US 3004346 A
Description (OCR text may contain errors)
Oct. 17, 1961 M. c. A. QuENoT v STEEL TAPE FOR MEASURING INTERNAL DIMENSIONS Filed Deo. 4, 195'? (INI UnitedStates Patent M 3,004,346 STEEL TAPE FOR MEASURING INTERNAL DIMENSIONS Michel Charles Andr Quenot, Besancon, France, assignor to Socit Responsabilit Limite dite: Etav blissements Quenot & Cie, Besancon, France Filed Dec. 4, 1957, Ser. No. 700,624 Claims priority, application France Dec. 20, 1956 2 Claims. (Cl. 33-138) Instruments for measuring lengths are already known which comprise a case and a metal or steel tape formed with a scale on the front or upper side and coiled in the case, the tape end which represents the origin of the scale being adapted to be pulled out from the case through a slightly curved slot until the emerging portion of the tape thus stitfened has a length sufcient to permit the measurement of the dimension, which is effected by direct reading on the scale when the tape origin is coincident with one end of the length to be measured.
When an instrument of this type is used for measuring a dimension between two inner walls, the back side of the case is caused to abut against one of these walls, then the tape is pulled out from the case until its origin engages the other wall, and the reading is eifected on the tape at the slot edge. This reading is not very accurate for only one side of the scale graduation is seen; in addition, the distance between the walls is obtained by adding to this initial reading the length of the case, so that the measurement is retarded, complicated, and becomes a source of errors.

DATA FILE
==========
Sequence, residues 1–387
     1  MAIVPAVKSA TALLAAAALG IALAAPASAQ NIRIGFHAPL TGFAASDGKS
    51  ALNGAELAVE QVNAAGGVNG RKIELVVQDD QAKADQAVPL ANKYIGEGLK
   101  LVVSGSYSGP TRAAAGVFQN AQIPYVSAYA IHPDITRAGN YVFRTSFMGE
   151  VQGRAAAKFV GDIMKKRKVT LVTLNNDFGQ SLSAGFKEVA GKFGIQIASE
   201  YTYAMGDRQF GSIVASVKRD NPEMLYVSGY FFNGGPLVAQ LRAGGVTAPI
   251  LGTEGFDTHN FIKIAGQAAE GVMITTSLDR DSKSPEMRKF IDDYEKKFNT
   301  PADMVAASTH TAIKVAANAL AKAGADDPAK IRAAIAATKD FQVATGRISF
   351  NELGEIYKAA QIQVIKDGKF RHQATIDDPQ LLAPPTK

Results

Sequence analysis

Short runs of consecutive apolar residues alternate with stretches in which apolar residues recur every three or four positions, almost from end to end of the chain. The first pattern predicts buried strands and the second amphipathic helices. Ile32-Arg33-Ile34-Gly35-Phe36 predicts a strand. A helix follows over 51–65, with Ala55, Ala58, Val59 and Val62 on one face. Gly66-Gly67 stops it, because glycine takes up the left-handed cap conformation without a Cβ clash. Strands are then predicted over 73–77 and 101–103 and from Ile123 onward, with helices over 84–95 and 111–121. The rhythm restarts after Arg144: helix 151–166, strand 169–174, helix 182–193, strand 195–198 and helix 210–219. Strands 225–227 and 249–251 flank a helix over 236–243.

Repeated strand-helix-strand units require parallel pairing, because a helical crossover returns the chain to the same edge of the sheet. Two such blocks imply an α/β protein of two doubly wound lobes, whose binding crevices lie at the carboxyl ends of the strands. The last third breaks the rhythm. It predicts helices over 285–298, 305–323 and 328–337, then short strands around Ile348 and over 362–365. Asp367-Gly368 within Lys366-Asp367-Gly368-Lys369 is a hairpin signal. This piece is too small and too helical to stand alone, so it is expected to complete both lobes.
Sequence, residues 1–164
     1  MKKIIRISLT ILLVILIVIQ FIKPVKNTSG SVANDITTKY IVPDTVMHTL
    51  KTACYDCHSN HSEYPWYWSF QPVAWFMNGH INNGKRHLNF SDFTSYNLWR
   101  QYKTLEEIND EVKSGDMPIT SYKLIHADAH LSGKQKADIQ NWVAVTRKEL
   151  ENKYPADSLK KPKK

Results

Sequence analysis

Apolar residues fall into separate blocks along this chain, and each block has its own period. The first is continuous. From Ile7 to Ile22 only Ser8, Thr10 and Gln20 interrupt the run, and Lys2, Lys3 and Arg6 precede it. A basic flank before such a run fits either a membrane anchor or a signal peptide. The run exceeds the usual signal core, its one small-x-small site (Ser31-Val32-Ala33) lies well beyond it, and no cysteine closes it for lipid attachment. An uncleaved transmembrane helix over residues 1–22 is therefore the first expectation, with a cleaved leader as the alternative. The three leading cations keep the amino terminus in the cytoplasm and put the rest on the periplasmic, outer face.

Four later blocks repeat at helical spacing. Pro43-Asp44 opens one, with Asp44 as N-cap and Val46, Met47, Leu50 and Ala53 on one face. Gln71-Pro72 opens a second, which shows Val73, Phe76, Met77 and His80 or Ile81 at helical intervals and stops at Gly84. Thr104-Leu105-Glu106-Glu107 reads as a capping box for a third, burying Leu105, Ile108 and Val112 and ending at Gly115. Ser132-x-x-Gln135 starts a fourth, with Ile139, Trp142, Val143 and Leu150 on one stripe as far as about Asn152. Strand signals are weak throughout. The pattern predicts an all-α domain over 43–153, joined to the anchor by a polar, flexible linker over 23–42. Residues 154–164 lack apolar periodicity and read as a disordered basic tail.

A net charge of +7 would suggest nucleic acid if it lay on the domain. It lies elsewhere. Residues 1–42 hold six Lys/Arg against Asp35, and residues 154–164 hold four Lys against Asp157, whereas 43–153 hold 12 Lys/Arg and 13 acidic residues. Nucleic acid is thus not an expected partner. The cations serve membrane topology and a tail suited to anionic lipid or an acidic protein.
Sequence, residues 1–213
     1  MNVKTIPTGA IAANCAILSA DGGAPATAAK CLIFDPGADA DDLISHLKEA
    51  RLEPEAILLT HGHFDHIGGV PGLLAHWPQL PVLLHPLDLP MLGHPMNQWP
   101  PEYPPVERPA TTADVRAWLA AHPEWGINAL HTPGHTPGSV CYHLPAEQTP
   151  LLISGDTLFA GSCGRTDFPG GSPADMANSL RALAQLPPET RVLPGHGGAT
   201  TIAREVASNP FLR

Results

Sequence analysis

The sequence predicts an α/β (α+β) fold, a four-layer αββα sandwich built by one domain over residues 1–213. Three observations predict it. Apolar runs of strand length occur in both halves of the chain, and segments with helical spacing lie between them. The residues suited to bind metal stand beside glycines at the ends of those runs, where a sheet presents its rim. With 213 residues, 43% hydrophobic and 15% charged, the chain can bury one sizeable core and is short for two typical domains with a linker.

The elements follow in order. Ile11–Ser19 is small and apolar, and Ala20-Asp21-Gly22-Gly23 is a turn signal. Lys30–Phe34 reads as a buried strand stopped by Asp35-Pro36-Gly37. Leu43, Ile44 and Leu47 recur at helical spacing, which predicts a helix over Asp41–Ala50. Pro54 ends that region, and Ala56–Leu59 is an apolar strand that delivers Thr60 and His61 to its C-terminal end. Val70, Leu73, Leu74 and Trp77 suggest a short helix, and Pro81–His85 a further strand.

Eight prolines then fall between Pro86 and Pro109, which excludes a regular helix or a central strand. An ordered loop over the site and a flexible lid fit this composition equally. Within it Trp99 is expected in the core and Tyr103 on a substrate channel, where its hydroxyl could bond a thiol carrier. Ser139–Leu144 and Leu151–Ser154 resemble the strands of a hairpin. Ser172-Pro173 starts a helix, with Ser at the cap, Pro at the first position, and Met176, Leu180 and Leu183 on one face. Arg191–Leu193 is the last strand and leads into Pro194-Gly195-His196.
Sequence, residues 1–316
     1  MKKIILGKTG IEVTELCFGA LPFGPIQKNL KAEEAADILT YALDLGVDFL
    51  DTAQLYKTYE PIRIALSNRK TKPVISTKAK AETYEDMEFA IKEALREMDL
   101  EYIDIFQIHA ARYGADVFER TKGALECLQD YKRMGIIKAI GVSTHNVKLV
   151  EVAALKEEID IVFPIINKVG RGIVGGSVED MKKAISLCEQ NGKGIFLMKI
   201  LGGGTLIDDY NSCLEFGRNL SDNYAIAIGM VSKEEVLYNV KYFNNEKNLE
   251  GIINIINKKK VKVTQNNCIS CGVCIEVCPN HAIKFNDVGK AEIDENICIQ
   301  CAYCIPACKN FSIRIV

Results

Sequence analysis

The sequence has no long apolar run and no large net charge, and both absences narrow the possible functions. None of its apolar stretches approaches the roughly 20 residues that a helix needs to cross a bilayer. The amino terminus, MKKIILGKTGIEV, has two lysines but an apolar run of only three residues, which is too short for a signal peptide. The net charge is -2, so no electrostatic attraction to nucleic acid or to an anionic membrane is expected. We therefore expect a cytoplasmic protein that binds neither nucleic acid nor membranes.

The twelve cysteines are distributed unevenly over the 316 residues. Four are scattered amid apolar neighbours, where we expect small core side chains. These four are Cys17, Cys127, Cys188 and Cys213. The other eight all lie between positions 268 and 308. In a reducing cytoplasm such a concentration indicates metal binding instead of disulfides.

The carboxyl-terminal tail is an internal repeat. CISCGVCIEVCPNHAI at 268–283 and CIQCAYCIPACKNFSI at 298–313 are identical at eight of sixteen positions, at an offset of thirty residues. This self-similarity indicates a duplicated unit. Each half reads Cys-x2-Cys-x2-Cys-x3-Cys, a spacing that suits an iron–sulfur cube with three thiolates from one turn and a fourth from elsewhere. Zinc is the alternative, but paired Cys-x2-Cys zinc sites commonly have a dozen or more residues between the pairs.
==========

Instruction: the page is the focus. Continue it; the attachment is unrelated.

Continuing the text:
Now, it is the essential object of the present invention to provide an instrument for measuring lengths, which is of the general type defined hereinabove but is remarkable in that it is free of the inconveniences characterizing prior devices of this type, since any internal dimension can be measured by direct reading.